The return of the World Rally Championship after a six-month halt brought many aero issues to consider: from haybales to the rain, from punctures to the low temperatures. They all had their impact on the aerodynamics (and the performance) of the WRC cars, so we try to analyze all of them in this article, and we try to answer the question: which aero performed better in Estonia, Toyota’s or Hyundai’s?
The reliability of the aero parts was questioned at the Rally Estonia, especially on Saturday stages. Two punctures and subsequent delamination of the tire were behind the loss of a full rear fender for Rovanperä/Halttunen and Evans/Martin.
K.Rovanperä/J.Halttunen, Toyota Yaris WRC, Rally Estonia 2020, 5th – picture extracted from Dirtfishrally video
Losing a full rear fender has a significant impact on the performance of the car, as air can freely flow (which might be good in terms of not generating lift) but the advantage of forcing it to flow into the most adequate direction (rear wake) is lost. In any case, they did not lose much time with respect to their rivals, although they could have set faster times without that issue. Also, Tänak/Järveoja lost the two rear fenders before the power stage and, even so, they were able to set the second-fastest time. Does it mean that all the aero parts included in rear fenders are unuseful?
O,.Tänak/M.Järveoja, Hyundai i20 Coupé WRC, Rally Estonia 2020, 1st – picture by Tapio Lehtonen – Rallirinki
The answer is no, they are absolutely necessary. Their impact on the balance of the car is really significant. They contribute to redirecting the air from the wheel space towards the most adequate area (usually the car’s wake) to take advantage of its energy. These results only prove that the professional rally drivers are used to driving under any circumstance, so they are perfectly able to deal with an unbalanced car, even at such high velocity as those reached in Estonia. Although, if they could choose, they would always prefer a well balanced car.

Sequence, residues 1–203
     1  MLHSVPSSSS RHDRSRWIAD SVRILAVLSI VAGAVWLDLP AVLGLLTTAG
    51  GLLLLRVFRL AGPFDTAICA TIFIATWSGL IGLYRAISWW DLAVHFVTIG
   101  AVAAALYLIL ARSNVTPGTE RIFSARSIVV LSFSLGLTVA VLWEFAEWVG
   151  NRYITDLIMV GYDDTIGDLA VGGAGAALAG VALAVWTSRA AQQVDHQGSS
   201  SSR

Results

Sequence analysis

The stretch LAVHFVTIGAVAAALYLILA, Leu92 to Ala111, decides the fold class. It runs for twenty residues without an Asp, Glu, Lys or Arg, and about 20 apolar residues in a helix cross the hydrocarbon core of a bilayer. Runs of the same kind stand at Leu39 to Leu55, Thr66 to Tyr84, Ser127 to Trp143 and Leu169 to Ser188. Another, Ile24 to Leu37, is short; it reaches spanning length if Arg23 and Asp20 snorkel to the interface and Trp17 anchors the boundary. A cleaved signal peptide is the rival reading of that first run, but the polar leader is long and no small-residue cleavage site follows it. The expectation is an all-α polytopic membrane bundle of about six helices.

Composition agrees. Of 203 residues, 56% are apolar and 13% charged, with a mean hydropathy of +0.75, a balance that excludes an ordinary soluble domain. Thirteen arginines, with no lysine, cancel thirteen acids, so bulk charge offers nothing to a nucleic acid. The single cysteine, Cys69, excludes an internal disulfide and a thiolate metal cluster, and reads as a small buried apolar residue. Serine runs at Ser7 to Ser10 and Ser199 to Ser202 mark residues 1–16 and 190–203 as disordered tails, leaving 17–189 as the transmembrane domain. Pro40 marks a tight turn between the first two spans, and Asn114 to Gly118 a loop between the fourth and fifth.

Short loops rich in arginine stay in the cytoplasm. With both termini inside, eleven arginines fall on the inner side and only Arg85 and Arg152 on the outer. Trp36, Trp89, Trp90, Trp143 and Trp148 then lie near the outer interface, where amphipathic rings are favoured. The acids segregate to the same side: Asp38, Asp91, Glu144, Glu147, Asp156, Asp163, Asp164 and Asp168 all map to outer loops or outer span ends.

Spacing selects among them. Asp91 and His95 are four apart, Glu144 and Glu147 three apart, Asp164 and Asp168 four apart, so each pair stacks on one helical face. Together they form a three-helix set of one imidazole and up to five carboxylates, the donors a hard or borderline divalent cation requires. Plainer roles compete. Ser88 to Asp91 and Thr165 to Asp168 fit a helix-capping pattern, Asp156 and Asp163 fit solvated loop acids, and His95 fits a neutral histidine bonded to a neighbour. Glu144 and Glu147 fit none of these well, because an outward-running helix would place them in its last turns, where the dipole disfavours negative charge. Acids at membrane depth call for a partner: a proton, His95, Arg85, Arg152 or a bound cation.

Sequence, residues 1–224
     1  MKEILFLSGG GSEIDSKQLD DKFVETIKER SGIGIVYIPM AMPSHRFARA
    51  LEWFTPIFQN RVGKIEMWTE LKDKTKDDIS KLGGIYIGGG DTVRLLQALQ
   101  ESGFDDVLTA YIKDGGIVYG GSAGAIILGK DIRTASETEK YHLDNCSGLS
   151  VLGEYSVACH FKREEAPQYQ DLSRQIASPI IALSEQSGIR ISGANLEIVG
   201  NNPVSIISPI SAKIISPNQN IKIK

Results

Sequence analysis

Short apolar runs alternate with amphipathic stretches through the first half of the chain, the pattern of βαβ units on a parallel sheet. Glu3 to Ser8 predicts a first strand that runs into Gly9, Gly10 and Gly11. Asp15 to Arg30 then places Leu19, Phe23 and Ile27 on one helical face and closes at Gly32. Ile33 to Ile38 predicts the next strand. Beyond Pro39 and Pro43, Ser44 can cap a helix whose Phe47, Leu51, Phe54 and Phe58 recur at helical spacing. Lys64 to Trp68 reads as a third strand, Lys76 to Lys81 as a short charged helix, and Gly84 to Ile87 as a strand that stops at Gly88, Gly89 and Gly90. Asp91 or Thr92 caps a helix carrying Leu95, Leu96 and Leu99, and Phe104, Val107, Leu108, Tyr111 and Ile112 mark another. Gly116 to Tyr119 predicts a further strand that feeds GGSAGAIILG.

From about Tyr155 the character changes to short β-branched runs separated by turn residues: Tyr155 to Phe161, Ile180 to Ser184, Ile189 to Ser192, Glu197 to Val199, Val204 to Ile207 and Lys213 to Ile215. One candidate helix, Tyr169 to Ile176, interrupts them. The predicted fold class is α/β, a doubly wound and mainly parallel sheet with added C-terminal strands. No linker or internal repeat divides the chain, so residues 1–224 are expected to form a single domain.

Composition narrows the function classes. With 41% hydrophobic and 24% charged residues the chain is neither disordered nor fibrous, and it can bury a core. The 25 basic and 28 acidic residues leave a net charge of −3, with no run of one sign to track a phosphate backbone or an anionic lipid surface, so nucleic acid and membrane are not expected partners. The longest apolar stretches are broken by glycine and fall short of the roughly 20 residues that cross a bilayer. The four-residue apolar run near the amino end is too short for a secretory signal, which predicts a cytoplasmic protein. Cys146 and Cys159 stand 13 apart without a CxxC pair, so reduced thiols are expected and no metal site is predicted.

Haybales were also a problem for the reliability of the aero parts in Estonia. The high number of haybales disseminated in the stages, mostly located on tight corners, combined with the quest of the second for most of the drivers, resulted in a long list of aero parts broken, with special incidence on dive planes.
O.Solberg/A.Johnston, VW Polo GTI R5, Rally Estonia 2020, 1st WRC3 – picture by Oliver Solberg Team
The relatively low temperatures in Estonia these days (15 to18ºC) allowed Toyota and Hyundai to keep partial blockage of the radiators during the stages, as shown by the arrows in the pictures below. We found no evidence of a similar blockage in the M-Sport’s Fiestas.
E.Evans/S.Martin, Toyota Yaris WRC, Rally Estonia 2020, 4th – picture by Honza Froněk – ewrc-results.com
O.Tänak/M.Järveoja, Hyundai i20 Coupé WRC, Rally Estonia 2020, 1st – picture by Honza Froněk – ewrc-results.com
E.Lappi/J.Ferm, Ford Fiesta WRC, Rally Estonia 2020, 7th – picture by Honza Froněk – ewrc-results.com
In addition to blocking plates, some drivers collected vegetals in some stages, which might have caused engine overheating in case they were not removed at the end of the stage.
C.Breen/P.Nagle, Hyundai i20 Coupé WRC, Rally Estonia 2020, 2nd – picture by Hyundai Motorsport
The duo Rovanperä/Halttunen was penalized by removing the radiator blocking plates in a control area (not allowed by regulations). The penalty was 1 minute, but for sure the damage would have been worse if they had done the stage with the blocking plates installed, as we saw with the last Rallye Monte Carlo, where all three Fiesta WRC cars suffered from overheating caused by leaves.
K.Rovanperä/J.Halttunen, Toyota Yaris WRC, Rally Estonia 2020, 5th – picture by Tapio Lehtonen – Rallirinki
The rain during Saturday night and early hours of Sunday contributed to the appearance of mud in some roads, especially in the shadowed corners. To prevent mud accumulation inside the rear fender vents (which means losing efficiency as well as gaining extra weight), Toyota introduced different solutions in their cars. Rovanperä/Halttunen and Evans/Martin left the service park with some internal blocking plates, as shown in the picture below, where the hook of these plates is visible between the rear fender vanes.